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The Mediterranean Diet Controversery

I love the Mediterranean Diet. With all the fad diets whirling around the Internet, it is easy to get confused. This is one diet that you do not have to worry about. It does not require changing your eating habits to any kind of extreme, starving yourself for long stretches, or making dramatic lifestyle changes.

In fact, the Mediterranean Diet is not only one of the safest and healthiest ways to eat, it is practical, as well.  Basically, all it requires is eating a healthier, natural diet and enjoying the food you are eating.

It is a way of slowing down, developing a healthy relationship with food, and appreciating food. The diet is time-tested because people in many parts of the world have been eating this type of diet for centuries.

And yet . . . in spite of all those powerful points, there is still some controversy about the diet, which I want to address and dispel today (if at all possible).

Inclusion of Fats

Mediterranean Diet

Image by AngelSimon

Sounds surprising – and yes, the Mediterranean Diet does not shy away from “healthy” fats, even though that is out of the ordinary for most diets. In fact, many of the recipes are prepared with large amounts of olive oil or with feta cheese sprinkled on top.

Your first instinct may be to question how that could possibly be healthy. We have heard from the experts for years that fat creates bad cholesterol and leads to heart disease and weight gain.

Fat does contain more calories per gram (9 to be exact – verses 4 grams in carbs or protein). BUT . . . the upside is that fat releases energy much slower, which keeps you feeling full longer and alleviates the craving for sugar and the damage that sugar causes in your body, such as the risk of diabetes.

Regions of the world where this diet is prevalent has a much lower incidence of diabetes among the population.

Another fact you may not know is that fat does not actually cause high cholesterol or heart disease. Recent studies have looked at this theory and found just the opposite.  Healthy fats lower the bad cholesterol (LDL) and improve the good cholesterol (HDL).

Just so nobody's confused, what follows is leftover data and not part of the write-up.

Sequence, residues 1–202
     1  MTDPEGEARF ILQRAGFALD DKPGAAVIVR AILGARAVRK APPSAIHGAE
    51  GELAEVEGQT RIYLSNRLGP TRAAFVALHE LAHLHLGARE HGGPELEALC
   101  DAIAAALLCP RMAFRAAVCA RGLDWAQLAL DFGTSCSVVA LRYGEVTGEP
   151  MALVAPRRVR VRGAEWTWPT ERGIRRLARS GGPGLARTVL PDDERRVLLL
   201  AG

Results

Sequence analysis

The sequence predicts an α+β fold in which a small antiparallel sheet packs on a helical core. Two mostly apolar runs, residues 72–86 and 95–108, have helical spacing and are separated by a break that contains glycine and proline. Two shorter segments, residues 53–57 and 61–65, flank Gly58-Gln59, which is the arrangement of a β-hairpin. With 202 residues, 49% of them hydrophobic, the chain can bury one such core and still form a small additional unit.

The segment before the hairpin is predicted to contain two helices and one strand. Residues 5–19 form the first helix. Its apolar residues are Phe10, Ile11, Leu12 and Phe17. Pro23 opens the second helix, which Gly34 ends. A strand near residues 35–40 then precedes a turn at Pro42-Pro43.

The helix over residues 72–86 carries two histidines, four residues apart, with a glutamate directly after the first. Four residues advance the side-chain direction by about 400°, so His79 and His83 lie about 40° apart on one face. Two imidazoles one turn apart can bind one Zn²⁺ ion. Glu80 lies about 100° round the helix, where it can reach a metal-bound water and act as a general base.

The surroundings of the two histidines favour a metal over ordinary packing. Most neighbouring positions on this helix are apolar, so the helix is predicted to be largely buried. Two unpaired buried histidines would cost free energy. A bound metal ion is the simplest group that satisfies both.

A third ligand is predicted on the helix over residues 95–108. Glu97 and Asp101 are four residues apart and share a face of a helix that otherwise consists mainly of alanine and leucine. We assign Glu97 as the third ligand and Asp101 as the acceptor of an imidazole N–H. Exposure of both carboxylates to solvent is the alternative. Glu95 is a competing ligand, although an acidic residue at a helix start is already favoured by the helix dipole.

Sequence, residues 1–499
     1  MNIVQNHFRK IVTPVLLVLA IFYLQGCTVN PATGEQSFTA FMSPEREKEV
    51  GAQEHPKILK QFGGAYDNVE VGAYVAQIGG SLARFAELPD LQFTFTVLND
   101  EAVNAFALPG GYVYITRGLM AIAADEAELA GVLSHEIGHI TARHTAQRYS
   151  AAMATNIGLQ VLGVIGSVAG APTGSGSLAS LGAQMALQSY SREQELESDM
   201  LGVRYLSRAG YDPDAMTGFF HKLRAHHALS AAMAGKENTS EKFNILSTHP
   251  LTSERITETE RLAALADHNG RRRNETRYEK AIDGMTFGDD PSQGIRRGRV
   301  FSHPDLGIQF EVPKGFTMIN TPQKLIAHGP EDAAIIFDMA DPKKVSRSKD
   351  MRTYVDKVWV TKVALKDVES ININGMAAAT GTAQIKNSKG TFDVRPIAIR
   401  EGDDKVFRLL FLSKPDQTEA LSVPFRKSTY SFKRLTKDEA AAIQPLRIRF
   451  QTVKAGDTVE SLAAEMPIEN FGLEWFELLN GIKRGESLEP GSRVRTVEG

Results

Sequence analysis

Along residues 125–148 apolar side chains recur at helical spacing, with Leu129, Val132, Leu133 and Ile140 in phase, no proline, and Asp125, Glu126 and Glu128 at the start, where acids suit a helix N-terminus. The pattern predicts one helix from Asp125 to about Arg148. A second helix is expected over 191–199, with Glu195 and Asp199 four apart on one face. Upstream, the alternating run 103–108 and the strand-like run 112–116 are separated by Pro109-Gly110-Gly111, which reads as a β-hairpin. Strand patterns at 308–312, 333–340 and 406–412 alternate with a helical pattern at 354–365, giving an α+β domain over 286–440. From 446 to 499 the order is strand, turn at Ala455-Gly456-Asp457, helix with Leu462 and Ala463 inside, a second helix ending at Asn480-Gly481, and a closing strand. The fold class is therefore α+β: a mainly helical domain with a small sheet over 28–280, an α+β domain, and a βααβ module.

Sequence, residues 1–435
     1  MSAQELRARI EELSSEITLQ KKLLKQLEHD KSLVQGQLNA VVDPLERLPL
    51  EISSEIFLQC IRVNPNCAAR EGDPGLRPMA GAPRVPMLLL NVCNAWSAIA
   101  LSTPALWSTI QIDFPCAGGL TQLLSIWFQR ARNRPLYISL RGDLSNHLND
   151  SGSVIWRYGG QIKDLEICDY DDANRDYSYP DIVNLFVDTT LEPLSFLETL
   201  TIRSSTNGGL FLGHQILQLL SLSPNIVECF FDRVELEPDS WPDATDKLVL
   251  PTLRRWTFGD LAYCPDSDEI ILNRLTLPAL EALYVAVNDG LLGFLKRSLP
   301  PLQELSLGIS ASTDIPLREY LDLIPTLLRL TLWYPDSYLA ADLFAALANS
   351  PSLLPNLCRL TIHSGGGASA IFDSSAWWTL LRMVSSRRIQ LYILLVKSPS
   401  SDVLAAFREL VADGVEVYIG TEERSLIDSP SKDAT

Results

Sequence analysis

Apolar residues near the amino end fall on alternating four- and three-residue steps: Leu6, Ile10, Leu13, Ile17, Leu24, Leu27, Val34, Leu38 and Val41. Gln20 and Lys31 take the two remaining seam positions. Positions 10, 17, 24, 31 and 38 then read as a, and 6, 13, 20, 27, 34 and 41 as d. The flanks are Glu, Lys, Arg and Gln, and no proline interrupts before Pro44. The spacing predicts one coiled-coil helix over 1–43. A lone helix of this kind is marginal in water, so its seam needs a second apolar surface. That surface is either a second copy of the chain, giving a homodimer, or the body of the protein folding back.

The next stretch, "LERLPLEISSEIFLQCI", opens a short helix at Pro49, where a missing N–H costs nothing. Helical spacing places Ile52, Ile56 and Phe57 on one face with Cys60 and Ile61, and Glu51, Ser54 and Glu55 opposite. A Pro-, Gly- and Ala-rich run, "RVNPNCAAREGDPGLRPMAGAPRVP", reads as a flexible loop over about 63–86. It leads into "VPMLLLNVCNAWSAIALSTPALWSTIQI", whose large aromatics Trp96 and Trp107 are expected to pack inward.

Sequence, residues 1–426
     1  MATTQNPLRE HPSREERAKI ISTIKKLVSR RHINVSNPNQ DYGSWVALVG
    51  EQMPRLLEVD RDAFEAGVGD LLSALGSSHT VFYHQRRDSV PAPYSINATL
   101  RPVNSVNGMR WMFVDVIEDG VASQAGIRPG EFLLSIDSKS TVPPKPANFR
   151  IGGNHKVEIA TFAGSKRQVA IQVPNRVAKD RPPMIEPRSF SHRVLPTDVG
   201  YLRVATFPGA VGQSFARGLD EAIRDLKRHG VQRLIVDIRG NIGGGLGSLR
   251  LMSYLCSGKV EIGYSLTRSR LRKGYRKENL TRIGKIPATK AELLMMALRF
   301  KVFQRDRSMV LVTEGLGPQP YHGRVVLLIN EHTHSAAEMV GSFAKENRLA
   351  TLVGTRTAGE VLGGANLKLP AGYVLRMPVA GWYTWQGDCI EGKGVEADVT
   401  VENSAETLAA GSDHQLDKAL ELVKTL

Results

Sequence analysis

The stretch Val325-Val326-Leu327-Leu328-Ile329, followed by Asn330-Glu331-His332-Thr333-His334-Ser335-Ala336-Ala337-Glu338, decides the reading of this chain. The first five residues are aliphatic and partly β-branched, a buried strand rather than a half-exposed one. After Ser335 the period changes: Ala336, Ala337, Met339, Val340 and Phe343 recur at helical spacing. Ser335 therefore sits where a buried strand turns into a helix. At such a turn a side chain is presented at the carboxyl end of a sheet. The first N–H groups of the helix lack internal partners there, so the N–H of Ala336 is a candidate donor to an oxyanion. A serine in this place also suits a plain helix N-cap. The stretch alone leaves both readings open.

Fat also has other direct health benefits. It increases testosterone, which leads to greater physical strength and weight loss; and, it also enhances nutrient absorption that is important for a healthy brain.

Inclusion of Wine

In addition to the unusual inclusion of fats, wine and carbs are also part of the Mediterranean Diet. If you have been paying attention

to articles about carbohydrates, you are probably aware that carbs provide a sudden sugar hit, which some of the experts have declared as very bad. There is some truth to that information, but it is tempered by the types of carbs eaten, plus the overall diet consumed.

The Mediterranean Diet contains fewer simple carbs than most typical Western diets. The emphasis is on “natural foods” and the avoidance of processed foods that are filled with additives, high sugar and high unhealthy fat content – foods such as prepared meals, chocolate, candy, sodas and highly-caffeinated drinks.

The emphasis of the diet is to stop thinking of food as something you inhale on the run – grabbing the most convenient items available. The goal is for you to actually start eating regular, planned meals of healthy foods that will dramatically improve your over-all health.

But . . . what about the wine? Over-indulgence in alcoholic beverages of any kind is not a good thing. But, alcohol in small quantities has been shown to actually increase the human lifespan – especially red wine, which contains the all-important ‘resveratrol’ for strengthening the mitochondria.

The key words in the above paragraph are – taken in “small quantities.” This is not permission to “drink all you want.”

Benefits of the Mediterranean Diet

To sum it all up in the words of Dr. Josh Axe, DNM, DC, CNS, a certified doctor of natural medicine:

Considered by many nutrition experts to be one of the most heart-healthy ways of eating there is, the base of the Mediterranean diet is loaded with anti-inflammatory foods and built upon plant-based foods and healthy fats.

Based on much research, this particular diet can protect against the development of heart disease, metabolic complications, depression, cancer, type-2 diabetes, obesity, dementia, Alzheimer’s and Parkinson’s. The best part is, even with all of these benefits, it still provides the opportunity for people to “eat, drink and be merry.”

Read his entire article for the 8 Health Benefits of the Mediterranean Diet.

If you really want to live a healthy lifestyle and enjoy your food, the Mediterranean Diet is a choice I encourage you to explore. 

 

 

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